Most of those are self explanatory. It’s very interesting to see all the different kinds of humor someone could have. Some might have more than one, and others might just have one. Other people might greatly find some kinds of humor offensive. So when writing good humor, there is a fine line between funny, and just plain “crude-n-rude”. Appealing to all the styles of humor without turning off anyone is very difficult to do. Luckily, Oscar Wilde is very talented and wrote an extraordinarily funny and amusing story. Where Wilde’s story falters is in what we would call a generational gap. Basically, where the general appreciation of humor by the majority the public was in the 1890’s-early 1900’s is completely different from where humor is at now. Humor and comedy changes with the times and culture, what was funny back then isn’t as funny now. For example one of the oldest jokes is traced back to 3,500 years ago. A student from ancient Babylon wrote six jokes on a tablet (yep, I did a lot of research for this blog question. Extra credit?), “The deflowered girl did not become pregnant. The undeflowered girl became pregnant. What is it? (Drum roll please…) Auxiliary forces.” I know right? Totally have no idea what this even means. Didn’t laugh? Why? Generational gap. If you got the joke and I’m just stupid, please let me know. Even so, with a changing humor to contend with, Wilde still has managed to keep his writings current. I unfortunately did not go on the field trip to see this play because I wasn’t cool enough to go. (Great example of sarcasm, and self-deprecating humor!) Now I wish I would have gone. Personally, I thoroughly enjoyed this story. I understood most of the humor and the generational gap didn’t affect me too bad. The story was fun and entertaining. Keep em comin’!

  3. When we saw the play at the theater I was very well done with lots of humor. While I was reading I thought about the play and the way the humor and sarcasm helped it along. Without these satiric, humorous, and ironic elements the play might not have been so easy to watch or read. I find that when an author adds humorous elements they are doing it to tie into the story and create an even more dynamic story line. When I read the story I picked up on many of the ironic and satiric elements of the story. Someone might say the humor itself may take away from the overall message of the play and its really deep meaning, but I think it’s just another way to present it and make it fun. In fact the sarcasm and humor made it easier for me to focus. Because I was more into the play because of the humor I was listening more and playing more attention while reading. It got me to catch the next bit of sarcasm or his next witty joke. The use of these devices in any work could create elements that just add to it. I will admit that some works are not meant for comedy, but I personally have not read many thongs don’t have some small amount of these elements mixed in with the story. Wilde must have been an amazing fun person to be around with all the jokes he throws into his writing.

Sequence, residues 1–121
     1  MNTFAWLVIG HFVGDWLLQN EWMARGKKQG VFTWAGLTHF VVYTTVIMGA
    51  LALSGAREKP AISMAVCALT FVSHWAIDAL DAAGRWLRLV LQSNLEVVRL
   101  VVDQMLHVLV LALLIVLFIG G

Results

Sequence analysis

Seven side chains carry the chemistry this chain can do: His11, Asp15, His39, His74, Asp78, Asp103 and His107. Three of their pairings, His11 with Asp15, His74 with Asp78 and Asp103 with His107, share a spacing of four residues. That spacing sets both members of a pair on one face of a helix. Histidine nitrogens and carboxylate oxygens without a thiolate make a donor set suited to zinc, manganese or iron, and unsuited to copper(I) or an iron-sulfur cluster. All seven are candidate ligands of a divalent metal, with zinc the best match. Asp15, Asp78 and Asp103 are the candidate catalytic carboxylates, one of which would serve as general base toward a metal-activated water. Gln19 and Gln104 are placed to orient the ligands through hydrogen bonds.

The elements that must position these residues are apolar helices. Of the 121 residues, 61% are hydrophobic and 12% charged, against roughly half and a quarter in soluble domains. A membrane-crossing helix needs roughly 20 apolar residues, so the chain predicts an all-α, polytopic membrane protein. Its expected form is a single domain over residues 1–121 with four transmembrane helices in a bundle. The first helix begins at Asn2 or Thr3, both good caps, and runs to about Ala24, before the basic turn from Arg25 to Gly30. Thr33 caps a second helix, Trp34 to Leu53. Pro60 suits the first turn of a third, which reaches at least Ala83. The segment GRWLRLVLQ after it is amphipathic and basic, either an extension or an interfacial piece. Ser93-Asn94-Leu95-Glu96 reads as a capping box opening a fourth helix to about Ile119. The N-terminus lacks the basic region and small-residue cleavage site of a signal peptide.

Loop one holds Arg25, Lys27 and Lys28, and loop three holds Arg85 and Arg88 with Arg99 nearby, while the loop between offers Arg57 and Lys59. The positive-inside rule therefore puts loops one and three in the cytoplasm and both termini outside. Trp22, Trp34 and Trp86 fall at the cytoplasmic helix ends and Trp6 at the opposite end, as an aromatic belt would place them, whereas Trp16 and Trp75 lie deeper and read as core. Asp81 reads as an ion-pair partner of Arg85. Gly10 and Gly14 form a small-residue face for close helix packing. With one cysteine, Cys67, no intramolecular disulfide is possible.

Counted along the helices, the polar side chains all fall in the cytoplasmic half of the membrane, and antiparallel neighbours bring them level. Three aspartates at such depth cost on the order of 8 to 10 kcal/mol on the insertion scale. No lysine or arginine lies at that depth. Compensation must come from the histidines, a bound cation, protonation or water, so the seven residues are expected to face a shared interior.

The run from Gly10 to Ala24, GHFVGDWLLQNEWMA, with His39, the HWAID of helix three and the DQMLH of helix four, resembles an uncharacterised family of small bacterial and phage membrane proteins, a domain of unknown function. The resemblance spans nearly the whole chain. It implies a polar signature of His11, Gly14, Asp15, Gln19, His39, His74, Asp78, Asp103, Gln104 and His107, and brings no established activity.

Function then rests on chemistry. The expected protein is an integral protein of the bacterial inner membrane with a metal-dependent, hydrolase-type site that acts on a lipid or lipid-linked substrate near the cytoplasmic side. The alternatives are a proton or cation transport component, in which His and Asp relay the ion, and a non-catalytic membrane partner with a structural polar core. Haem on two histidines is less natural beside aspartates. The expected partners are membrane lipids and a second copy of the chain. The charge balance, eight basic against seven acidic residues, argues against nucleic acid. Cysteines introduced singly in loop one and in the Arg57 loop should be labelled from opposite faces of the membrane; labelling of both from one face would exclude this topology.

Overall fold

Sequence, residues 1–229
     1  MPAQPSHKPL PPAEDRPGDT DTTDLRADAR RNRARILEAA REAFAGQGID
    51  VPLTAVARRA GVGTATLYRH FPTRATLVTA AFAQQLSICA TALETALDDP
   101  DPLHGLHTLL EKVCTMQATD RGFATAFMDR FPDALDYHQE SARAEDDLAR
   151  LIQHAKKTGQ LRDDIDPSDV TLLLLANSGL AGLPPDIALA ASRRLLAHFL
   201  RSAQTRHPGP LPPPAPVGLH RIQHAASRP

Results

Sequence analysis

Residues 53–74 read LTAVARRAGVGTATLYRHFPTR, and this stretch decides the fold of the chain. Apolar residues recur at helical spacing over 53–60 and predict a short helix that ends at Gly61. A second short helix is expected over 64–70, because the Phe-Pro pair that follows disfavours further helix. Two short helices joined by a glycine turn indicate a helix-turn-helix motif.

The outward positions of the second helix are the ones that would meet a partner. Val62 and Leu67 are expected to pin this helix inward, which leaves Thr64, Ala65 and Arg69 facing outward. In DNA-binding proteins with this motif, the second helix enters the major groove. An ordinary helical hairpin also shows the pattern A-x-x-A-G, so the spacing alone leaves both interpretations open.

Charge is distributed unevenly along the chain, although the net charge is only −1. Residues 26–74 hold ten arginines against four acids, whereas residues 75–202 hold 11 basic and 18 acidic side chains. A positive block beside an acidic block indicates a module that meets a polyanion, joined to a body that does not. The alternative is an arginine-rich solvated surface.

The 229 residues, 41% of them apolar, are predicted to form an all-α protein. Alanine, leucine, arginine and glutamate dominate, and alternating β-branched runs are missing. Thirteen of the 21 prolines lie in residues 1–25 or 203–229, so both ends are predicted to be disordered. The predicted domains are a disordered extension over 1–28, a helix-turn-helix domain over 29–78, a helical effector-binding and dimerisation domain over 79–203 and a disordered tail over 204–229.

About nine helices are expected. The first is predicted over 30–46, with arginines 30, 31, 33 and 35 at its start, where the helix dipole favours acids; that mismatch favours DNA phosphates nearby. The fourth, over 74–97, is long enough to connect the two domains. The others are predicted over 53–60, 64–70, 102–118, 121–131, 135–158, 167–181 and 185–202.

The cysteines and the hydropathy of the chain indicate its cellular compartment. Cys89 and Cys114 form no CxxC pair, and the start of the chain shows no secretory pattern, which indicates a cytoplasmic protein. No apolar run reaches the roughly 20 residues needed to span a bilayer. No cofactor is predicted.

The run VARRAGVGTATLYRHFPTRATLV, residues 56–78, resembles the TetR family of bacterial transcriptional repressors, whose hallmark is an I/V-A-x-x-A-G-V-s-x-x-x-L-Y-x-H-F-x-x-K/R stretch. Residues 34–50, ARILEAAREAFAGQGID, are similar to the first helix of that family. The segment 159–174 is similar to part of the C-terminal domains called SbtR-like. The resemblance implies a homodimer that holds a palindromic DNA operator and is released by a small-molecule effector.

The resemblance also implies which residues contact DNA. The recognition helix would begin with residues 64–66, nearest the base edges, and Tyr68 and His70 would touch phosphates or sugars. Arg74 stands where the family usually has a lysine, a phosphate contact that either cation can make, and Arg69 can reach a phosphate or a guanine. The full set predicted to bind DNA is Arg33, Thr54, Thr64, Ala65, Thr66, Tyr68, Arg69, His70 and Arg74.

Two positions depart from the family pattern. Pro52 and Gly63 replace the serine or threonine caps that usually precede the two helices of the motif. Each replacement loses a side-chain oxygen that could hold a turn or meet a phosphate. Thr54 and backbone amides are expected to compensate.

4. I think that reading this play beforehand would've made watching it so much more enjoyable. When I was watching the play I was trying to decipher all of the characters and that took away from the humor of the play. I couldn’t fully enjoy the comedic side of the play because I didn’t know the characters well enough. However, when I read the play I could analyze the meaning thoroughly. This made reading the play a breeze for me. In the depiction of the play, the witty banter happened very quickly so it was harder to digest all at once. It was easier to just forget about what was said than actually try to understand everything completely. After reading the play, I felt a deeper appreciation for Wilde's writing. Wilde's wit just jumps out at you on paper. It actually made it easier for me to focus on the dialogue because I was actually interested in what I was reading. It made me want to read more from Oscar Wilde. Whenever I read the play I could mentally adapt to what I was reading and I could create my own version of what the play might look like in my head. I feel like I comprehended his sarcastic humor much better through reading the play. The play would be terrible if it didn't have so many puns and sarcastic comments. I mean, isn’t that what defines the play as a whole? It is, in fact, his fantastic sense of humor that made this play an easy, enjoyable read.